We Can Now See Ceres' Mysterious Bright Spots In a Lot More Detail

NASA’s Dawn spacecraft has just sent home a new photo, a much closer look at the famous bright spots on the dwarf planet Ceres. Compared to the previous images taken from higher orbits, significantly more details can be seen in this new photo of the Occator crater.

The composite photo below was created using two images: one short exposure photo that captures the details in the bright spots, and one captured at normal exposure, where the background surface is not underexposed. Dawn took these images during the mission’s High Altitude Mapping Orbit (HAMO) phase, from an altitude of 915 miles (1,470 kilometers). The resolution of this photo is about 450 feet (140 meters) per pixel:

Illustration for article titled We Can Now See Ceres Mysterious Bright Spots In a Lot More Detail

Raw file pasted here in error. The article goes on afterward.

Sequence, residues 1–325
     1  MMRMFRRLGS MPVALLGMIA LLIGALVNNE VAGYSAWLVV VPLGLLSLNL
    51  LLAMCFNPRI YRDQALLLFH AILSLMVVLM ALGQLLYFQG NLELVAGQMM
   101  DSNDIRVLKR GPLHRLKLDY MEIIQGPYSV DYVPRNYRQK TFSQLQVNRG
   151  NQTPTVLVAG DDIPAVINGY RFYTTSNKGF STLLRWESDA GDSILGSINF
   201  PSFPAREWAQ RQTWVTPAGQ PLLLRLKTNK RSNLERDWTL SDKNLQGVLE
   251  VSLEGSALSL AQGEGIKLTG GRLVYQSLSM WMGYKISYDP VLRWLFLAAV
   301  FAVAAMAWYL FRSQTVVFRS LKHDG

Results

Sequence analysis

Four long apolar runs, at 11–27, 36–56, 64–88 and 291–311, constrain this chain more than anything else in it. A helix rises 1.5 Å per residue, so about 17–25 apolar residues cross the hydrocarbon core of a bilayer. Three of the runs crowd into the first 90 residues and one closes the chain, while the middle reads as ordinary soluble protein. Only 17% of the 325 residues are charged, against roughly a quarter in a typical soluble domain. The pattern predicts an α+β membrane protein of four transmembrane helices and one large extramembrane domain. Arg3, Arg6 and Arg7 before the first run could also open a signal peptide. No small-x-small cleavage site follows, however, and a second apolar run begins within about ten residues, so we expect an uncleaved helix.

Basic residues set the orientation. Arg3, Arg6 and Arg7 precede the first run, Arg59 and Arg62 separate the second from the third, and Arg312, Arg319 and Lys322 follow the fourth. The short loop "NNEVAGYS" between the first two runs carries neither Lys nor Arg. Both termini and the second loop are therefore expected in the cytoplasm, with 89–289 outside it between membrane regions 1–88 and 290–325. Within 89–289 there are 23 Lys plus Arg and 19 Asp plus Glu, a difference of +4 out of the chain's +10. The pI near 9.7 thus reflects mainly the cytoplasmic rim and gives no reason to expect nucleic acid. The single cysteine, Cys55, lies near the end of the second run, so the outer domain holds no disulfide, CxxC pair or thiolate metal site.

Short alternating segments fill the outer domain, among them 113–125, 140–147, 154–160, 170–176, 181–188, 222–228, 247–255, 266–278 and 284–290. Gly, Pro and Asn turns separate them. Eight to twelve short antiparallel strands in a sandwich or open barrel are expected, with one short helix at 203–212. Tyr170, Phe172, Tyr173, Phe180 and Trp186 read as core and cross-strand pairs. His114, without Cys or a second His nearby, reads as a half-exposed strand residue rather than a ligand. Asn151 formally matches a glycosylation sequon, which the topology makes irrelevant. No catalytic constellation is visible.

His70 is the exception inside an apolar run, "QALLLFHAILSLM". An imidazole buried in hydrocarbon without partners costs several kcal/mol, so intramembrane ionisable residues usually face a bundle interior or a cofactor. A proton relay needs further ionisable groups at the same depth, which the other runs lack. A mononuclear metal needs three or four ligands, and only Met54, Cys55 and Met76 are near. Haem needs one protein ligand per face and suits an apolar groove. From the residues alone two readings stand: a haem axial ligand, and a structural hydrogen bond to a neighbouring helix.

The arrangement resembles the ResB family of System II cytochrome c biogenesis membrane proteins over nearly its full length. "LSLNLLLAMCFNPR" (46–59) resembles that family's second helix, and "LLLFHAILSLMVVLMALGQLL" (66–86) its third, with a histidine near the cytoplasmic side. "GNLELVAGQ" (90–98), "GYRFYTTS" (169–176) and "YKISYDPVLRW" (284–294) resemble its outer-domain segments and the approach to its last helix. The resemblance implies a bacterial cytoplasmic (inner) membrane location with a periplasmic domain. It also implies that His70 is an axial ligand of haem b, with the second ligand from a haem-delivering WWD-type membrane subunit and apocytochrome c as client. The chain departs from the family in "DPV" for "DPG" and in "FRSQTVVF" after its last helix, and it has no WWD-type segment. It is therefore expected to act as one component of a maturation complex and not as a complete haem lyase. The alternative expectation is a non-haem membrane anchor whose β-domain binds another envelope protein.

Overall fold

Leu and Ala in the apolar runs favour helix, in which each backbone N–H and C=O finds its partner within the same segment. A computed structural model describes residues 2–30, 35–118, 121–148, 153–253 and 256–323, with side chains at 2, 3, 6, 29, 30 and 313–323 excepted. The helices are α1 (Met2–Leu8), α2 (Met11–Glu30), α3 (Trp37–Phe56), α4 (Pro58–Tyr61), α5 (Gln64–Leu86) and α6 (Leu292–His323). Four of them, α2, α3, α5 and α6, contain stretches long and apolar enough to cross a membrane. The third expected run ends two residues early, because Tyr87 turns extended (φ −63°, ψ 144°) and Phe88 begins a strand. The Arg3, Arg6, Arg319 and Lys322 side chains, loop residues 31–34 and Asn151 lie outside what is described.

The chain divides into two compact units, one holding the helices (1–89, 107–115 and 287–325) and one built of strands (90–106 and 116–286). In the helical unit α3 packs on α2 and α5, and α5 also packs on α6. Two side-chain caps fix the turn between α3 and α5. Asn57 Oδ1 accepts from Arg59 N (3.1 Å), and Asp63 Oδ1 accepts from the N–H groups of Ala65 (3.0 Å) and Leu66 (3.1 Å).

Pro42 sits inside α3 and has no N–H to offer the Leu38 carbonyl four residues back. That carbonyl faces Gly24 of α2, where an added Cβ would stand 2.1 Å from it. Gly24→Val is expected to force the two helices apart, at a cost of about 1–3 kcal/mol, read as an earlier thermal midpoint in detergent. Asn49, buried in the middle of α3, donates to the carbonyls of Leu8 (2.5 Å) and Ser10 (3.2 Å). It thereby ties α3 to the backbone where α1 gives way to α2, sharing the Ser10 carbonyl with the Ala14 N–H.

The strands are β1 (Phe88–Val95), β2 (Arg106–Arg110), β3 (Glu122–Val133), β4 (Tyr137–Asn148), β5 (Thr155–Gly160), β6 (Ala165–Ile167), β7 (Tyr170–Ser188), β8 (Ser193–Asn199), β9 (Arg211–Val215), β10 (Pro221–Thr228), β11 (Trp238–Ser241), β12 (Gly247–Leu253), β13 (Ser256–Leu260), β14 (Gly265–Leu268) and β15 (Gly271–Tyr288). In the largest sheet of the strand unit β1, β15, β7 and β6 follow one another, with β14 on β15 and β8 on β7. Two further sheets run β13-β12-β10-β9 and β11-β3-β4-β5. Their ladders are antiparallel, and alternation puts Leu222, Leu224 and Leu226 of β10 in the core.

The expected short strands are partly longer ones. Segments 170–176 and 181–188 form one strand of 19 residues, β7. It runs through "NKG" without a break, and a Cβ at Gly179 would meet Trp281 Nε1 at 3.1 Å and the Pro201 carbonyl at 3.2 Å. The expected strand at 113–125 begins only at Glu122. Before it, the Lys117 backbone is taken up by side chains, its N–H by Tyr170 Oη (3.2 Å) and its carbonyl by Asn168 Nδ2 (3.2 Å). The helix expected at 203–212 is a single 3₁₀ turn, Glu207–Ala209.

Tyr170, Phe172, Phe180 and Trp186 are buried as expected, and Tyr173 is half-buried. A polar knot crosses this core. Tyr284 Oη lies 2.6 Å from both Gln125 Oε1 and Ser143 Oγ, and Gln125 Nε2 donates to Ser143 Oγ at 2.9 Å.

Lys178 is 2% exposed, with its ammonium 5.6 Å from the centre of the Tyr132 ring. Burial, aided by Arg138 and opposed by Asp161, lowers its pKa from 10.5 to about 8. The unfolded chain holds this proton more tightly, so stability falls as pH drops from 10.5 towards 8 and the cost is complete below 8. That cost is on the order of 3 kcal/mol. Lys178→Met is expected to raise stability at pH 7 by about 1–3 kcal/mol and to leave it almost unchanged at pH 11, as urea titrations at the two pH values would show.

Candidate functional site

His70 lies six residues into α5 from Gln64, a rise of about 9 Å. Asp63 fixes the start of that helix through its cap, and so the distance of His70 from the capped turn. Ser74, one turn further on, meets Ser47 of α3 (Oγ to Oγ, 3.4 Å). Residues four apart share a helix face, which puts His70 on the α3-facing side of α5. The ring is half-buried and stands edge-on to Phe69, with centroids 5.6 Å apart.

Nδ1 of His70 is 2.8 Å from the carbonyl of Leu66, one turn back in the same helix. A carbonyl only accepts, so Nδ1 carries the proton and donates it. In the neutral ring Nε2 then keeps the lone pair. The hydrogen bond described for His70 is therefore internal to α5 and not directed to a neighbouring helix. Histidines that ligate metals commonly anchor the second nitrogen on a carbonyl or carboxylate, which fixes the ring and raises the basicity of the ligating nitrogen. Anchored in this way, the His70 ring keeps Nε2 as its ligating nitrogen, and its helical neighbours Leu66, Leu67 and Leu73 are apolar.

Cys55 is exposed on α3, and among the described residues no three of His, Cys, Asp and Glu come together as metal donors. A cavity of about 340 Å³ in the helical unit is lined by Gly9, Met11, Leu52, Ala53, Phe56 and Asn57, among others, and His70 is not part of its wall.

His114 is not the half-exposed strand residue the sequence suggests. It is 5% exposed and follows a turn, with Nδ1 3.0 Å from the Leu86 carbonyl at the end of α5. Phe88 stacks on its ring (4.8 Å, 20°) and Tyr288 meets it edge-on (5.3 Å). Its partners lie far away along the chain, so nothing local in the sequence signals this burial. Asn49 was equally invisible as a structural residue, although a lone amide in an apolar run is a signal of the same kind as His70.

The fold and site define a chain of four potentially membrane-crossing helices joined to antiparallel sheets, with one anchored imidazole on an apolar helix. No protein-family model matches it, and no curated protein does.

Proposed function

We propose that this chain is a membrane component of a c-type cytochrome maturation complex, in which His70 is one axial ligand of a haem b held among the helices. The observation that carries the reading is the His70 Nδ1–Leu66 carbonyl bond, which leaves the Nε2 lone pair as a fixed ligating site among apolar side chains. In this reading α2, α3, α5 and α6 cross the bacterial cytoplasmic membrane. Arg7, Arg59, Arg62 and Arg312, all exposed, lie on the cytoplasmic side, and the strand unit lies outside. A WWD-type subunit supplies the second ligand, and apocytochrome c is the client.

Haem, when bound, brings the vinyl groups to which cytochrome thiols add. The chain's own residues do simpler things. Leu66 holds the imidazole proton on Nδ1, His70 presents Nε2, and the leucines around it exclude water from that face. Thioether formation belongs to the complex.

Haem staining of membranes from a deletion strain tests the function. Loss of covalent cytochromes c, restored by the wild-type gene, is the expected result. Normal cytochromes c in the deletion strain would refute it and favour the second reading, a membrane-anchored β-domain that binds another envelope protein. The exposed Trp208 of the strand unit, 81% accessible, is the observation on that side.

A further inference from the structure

It’s still unclear what those bright areas in the crater are; we are waiting for scientists to come up with some explanation. As Marc Rayman, Dawn’s chief engineer and mission director says:

Dawn has transformed what was so recently a few bright dots into a complex and beautiful, gleaming landscape. Soon, the scientific analysis will reveal the geological and chemical nature of this mysterious and mesmerizing extraterrestrial scenery.

This new view is likely going to help identify those spots, as it’s roughly three times better than the latest images. This animation I quickly made helps show the significant difference:



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Well, as it’s right in the middle of a crater, my money is going to be on ice (or something with a higher albedo than the surrounding surface) ejecta from whatever event made the crater. Probably liquiefied with the heat of the impact, and was flowing out of the center most recently (with maybe a few bonus spurts that sprayed the other area with some “snow”) before it all re-solidified.

That’s my layman’s take on it. Any geophysicists out there care to counter with a more educated hypothesis?